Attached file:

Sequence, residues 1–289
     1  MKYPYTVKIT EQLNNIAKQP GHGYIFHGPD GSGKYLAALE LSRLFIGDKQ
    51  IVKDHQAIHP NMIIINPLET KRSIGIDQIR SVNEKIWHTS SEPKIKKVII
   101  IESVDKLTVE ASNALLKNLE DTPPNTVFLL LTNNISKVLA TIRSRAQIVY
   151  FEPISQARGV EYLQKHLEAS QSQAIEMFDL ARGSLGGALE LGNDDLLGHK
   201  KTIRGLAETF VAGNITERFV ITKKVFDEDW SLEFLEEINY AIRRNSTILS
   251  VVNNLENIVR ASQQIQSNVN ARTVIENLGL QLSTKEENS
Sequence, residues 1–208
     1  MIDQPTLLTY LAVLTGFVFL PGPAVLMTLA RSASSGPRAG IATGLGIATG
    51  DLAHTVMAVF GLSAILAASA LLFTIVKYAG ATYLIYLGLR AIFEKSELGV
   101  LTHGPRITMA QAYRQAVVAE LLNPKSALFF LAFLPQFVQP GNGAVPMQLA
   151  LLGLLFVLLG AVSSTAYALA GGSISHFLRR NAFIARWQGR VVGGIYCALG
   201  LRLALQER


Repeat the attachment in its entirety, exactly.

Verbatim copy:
Sequence, residues 1–289
     1  MKYPYTVKIT EQLNNIAKQP GHGYIFHGPD GSGKYLAALE LSRLFIGDKQ
    51  IVKDHQAIHP NMIIINPLET KRSIGIDQIR SVNEKIWHTS SEPKIKKVII
   101  IESVDKLTVE ASNALLKNLE DTPPNTVFLL LTNNISKVLA TIRSRAQIVY
   151  FEPISQARGV EYLQKHLEAS QSQAIEMFDL ARGSLGGALE LGNDDLLGHK
   201  KTIRGLAETF VAGNITERFV ITKKVFDEDW SLEFLEEINY AIRRNSTILS
   251  VVNNLENIVR ASQQIQSNVN ARTVIENLGL QLSTKEENS
Sequence, residues 1–208
     1  MIDQPTLLTY LAVLTGFVFL PGPAVLMTLA RSASSGPRAG IATGLGIATG
    51  DLAHTVMAVF GLSAILAASA LLFTIVKYAG ATYLIYLGLR AIFEKSELGV
   101  LTHGPRITMA QAYRQAVVAE LLNPKSALFF LAFLPQFVQP GNGAVPMQLA
   151  LLGLLFVLLG AVSSTAYALA GGSISHFLRR NAFIARWQGR VVGGIYCALG
   201  LRLALQER